A Big Hole

It was certainly a pleasant day with the sun and cooling north wind.  By the time noon rolled around, there were all the more strollers out and about in our Downtown.  In spite it being the last week of August, this weather feels more like the first half of September.

My morning came and went in a whoosh with all the places to be and people to see.  One of my appointments took me out of town, and for sure the drive was more than pleasant, and since the fields aren’t ready to be picked as of yet, there wasn’t so much dust in the air.  The billowy clouds were all the more vivid against the back-drop of clear blue skies.   More than once it appeared as if there was a storm front moving in, but it must’ve been all the more clouds hanging together as they moved thru.

One of my most recent listings just got sold today, and it came as no surprise to me because of the amount of interest it was getting since I listed it over the weekend.  It may have sounded like a fast sale, but there are other areas of the Midwest that have an even tighter market like Lincoln Nebraska.  One of my clients mentioned today that most homes in that city aren’t on the market any longer than hours, and at most, two days.  Now that’s what I call a sellers’ market.

In spite of there being a housing shortage in a number of areas, I’m still a bit concerned over the amount of debt the average household is servicing.  Many believe it’s the younger crowd who’re living hand to mouth, but I’m hearing of late that there’s now more financial stress being placed on the elderly with fixed incomes because of rising real estate taxes and the costs of goods and services.

One of my customers stopped by today just to see how things were going with the home he recently purchased.  After bringing him up to speed on where we were, I just happened to ask how his weekend went.  Not realizing it, I discovered he was involved in a memorial gathering in honor of one of his deceased siblings.  Since I’ve known a number of his family members over the years, I asked how everyone was taking the death.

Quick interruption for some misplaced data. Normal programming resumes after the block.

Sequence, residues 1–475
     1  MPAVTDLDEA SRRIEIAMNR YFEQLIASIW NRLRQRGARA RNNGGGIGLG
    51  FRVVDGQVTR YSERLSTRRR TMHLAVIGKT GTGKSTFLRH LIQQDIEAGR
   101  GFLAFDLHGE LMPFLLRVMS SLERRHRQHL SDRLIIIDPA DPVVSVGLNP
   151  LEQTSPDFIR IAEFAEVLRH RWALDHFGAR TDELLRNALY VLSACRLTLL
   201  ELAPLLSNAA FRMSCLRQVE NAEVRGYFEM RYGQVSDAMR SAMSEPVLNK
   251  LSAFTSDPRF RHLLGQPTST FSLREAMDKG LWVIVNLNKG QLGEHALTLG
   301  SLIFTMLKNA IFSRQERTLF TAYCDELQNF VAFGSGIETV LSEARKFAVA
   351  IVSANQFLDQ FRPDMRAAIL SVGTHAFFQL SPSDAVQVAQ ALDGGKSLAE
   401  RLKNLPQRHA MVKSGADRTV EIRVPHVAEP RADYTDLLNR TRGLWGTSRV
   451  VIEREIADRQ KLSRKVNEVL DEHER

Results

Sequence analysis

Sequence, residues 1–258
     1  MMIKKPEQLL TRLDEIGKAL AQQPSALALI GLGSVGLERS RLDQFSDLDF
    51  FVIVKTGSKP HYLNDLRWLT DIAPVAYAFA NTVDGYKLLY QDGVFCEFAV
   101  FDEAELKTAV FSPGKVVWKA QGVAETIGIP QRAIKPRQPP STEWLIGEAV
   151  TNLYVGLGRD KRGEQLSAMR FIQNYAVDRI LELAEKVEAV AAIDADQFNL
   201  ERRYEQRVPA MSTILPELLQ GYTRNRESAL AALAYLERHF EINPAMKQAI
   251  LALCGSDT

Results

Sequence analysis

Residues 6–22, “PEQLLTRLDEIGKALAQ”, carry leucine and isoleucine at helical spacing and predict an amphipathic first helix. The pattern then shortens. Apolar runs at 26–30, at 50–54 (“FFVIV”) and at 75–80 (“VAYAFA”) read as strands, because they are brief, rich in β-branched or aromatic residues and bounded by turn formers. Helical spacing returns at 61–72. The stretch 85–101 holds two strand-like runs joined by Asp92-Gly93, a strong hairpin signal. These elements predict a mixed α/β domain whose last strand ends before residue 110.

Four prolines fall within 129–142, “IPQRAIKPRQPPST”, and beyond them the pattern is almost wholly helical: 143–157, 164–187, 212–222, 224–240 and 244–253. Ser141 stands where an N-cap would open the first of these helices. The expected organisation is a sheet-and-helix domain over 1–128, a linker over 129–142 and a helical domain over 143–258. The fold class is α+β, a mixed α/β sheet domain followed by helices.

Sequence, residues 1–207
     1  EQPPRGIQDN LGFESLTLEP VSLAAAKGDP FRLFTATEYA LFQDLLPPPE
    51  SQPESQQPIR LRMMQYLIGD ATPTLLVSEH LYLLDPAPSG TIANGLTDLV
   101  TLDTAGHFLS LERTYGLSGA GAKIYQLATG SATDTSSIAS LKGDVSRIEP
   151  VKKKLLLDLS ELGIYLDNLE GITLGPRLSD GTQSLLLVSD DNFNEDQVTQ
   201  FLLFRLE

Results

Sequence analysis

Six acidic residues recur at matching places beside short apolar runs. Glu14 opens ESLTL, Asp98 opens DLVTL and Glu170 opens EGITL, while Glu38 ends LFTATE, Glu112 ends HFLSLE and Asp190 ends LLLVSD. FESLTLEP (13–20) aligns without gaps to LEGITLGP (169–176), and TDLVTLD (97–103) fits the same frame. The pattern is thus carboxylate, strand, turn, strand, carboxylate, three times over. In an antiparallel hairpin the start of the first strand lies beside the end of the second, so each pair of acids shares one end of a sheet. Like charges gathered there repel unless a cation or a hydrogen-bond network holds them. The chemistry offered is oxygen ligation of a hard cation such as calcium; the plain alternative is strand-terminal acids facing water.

After listening and learning more about the dynamics of his family, I discovered how very similar large families are when it comes to the way in which loss is dealt with on an individual basis.  I discovered that one has become all the more introverted, another has grown full of despair, and yet another being in near complete denial.

The only thought I could share with him was that there is no constancy in life because we are all in a state of evolution where the certainty of change is always there, and the only thing we can do for ourselves, is to start filling those “holes” of loss with goodness towards others by maintaining positive thoughts and performing actions in our lives that would make those who went before us, all the more proud of what we’ve said and done after their deaths.

People always speak about respecting the dead which I understand, but if we take it one step higher, I believe it best to live each and every one of our days as though we’re creating our own personal memorials by being the best we can be instead of wallowing around in puddles of pity which do nothing for ourselves, and certainly all the less for those around us.

Some months ago, this similar subject came up where another was ranting about what her deceased father did and did not want.  I could tell she was growing all the more dark and hateful toward some of her family members, and couldn’t help myself by asking, “Do you think your father would like seeing you in such a state if he were alive today?”  What I said must’ve hit a nerve because she finally started realizing that she harbored a hidden guilt that was being substituted by her lashing out at others.  She too has a big hole in her heart to fill, and there’s not one person other than herself who can fix it.  Very sad.

Tonight’s one-liner is:  Defending the truth is not something someone does out of duty, or to assuage guilt complexes, but is a reward in itself.

Joe Chodur

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